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Stabilized polyurethane sheathing boards

Martin Livingston | Posted in Energy Efficiency and Durability on

We are a Nova Scotia production home builder and are considering taking our projects to the next level towards EQ or NetZero homes. To acheive these levels we need to look at different products. I poked around on the internet for information about polyurethane foams and found statements like this –

Over time, the R-value of the foam drops as some of the gas escapes and air replaces it. This phenomenon is known as thermal drift. When manufactured, the initial R-value is roughly R-9 per inch. Experimental data on this type of foam indicates that most thermal drift occurs within the first two years after manufacture and slowly decreases until it stabilizes at about R-7 per inch. It then remains unchanged unless the foam is damaged.

Foil and plastic facings on these foam panels help to slow the escape of gas from the cell structure. Testing suggests that the stabilized R-value of rigid foam with metal foil facings remains unchanged after 10 years. The reflective foil, if installed correctly, can also act as a radiant barrier (another type of insulation) that adds about R-2 to the insulating assembly. Panels with foil facings have stabilized R-values of 7.1 to 8.7 per inch.

There have been several successfull projects in Canada where the the 2×6 walls have been sheathed with two layers of foil backed foam and cellulose between the studs. I would like to adapt these high performance foams in the same type of assembly. Can somebody recommend a stabilized foam product available in the Canadian market?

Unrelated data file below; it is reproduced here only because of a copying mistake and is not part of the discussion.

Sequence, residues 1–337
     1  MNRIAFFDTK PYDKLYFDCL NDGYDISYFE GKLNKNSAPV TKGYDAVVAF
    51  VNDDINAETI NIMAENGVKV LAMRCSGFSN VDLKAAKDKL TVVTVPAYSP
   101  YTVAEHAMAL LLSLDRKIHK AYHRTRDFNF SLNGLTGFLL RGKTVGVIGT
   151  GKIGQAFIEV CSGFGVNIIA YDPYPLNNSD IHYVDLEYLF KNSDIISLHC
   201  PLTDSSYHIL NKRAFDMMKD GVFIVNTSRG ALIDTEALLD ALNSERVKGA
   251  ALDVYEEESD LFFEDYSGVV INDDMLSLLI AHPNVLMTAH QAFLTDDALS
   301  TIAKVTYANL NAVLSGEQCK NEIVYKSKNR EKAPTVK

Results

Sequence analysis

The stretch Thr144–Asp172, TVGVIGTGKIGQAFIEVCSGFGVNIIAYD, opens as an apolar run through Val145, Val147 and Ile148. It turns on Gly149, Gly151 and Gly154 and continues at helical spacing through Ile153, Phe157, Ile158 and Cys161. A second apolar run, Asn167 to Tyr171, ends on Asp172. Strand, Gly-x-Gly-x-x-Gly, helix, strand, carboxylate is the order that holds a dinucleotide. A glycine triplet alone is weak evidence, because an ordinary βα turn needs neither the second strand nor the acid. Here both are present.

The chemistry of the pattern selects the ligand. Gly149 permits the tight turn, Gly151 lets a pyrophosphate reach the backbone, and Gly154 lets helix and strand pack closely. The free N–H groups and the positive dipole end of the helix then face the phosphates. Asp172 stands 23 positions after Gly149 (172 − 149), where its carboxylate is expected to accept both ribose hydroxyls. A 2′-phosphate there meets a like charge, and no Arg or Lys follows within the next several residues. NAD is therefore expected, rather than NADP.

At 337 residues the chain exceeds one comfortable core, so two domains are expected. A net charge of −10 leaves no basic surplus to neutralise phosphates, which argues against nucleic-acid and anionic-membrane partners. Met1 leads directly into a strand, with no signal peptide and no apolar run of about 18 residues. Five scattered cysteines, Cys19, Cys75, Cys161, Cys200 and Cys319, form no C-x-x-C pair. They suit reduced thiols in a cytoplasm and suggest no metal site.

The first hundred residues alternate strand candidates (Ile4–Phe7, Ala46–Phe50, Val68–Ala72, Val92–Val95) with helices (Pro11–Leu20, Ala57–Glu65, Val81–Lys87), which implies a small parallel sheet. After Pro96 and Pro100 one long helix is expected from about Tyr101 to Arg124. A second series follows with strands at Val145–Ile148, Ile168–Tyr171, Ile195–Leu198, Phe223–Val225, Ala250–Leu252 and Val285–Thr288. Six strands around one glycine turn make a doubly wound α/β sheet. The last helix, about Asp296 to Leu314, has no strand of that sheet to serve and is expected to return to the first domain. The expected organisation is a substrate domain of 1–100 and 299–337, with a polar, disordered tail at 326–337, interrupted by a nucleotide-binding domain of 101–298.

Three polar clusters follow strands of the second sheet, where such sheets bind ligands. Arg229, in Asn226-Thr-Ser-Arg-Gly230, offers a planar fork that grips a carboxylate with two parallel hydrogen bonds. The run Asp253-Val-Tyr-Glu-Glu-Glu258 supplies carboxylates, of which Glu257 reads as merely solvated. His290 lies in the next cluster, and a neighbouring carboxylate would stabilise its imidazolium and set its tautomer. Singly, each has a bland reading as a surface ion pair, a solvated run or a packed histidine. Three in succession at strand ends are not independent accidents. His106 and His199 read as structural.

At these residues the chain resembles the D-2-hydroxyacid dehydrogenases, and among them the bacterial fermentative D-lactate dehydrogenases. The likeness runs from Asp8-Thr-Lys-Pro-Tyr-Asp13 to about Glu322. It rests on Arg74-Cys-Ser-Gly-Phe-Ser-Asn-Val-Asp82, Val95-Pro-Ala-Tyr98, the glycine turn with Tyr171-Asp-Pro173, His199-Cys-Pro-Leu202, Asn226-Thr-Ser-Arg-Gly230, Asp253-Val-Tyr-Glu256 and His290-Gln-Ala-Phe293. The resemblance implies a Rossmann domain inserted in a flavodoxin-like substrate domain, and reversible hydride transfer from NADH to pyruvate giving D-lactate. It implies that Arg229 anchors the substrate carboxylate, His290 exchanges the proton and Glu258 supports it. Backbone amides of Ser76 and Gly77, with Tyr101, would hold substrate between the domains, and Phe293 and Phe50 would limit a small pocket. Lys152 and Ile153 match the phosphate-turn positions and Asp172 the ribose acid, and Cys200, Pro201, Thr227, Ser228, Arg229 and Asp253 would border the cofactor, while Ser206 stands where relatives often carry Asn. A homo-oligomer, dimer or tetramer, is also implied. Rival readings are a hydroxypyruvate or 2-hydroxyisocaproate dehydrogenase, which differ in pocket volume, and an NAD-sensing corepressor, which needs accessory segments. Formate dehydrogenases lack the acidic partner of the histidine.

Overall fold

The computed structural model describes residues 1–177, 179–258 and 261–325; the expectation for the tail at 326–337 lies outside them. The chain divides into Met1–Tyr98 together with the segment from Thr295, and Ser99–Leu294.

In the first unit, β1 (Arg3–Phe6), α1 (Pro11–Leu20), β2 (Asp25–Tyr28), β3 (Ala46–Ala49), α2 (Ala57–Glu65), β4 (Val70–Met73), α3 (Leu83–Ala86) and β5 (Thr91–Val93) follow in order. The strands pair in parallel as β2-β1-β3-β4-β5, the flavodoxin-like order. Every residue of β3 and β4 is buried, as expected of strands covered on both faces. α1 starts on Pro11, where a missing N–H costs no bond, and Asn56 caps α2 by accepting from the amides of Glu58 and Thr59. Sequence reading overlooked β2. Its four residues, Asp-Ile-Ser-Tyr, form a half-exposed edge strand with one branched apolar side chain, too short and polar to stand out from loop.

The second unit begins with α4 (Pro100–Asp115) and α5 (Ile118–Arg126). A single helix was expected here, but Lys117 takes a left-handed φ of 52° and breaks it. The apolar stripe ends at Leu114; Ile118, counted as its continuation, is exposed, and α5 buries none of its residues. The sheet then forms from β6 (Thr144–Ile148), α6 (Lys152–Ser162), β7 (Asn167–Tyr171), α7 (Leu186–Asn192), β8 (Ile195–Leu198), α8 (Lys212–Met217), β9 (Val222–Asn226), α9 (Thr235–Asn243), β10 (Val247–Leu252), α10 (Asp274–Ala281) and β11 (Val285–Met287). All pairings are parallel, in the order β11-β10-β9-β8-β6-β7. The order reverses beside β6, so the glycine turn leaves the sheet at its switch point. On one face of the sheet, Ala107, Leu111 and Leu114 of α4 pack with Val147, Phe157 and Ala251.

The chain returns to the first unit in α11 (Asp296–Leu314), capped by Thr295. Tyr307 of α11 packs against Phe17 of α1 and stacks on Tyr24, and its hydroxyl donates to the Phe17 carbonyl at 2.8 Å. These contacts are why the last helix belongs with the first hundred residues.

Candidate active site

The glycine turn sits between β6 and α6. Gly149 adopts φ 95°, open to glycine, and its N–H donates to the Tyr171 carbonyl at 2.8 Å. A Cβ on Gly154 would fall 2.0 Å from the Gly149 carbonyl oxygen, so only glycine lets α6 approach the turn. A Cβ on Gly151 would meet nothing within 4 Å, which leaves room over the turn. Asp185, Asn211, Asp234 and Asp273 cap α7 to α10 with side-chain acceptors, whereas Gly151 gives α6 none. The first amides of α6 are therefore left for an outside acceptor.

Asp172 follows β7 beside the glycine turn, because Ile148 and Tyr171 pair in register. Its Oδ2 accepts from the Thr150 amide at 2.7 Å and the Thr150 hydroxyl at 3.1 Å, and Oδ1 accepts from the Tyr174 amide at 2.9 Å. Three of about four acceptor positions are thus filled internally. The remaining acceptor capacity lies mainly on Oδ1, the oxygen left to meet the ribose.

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Replies

  1. GBA Editor
    Martin Holladay | | #1

    Martin Livingston,
    There are three main types of rigid foam insulation: expanded polystyrene (EPS), extruded polystyrene (XPS), and polyisocyanurate. The "thermal drift" problem you write about occurs in polyisocyanurate and XPS, but not in EPS. For more information on this issue, see Thermal Drift of Polyiso and XPS.

    Major manufacturers of polyisocyanurate include Dow Building Materials (the manufacturer of Tuff-R), Johns Manville (AP Foil-Faced), and RMax. I expect that these products are available in Canada.

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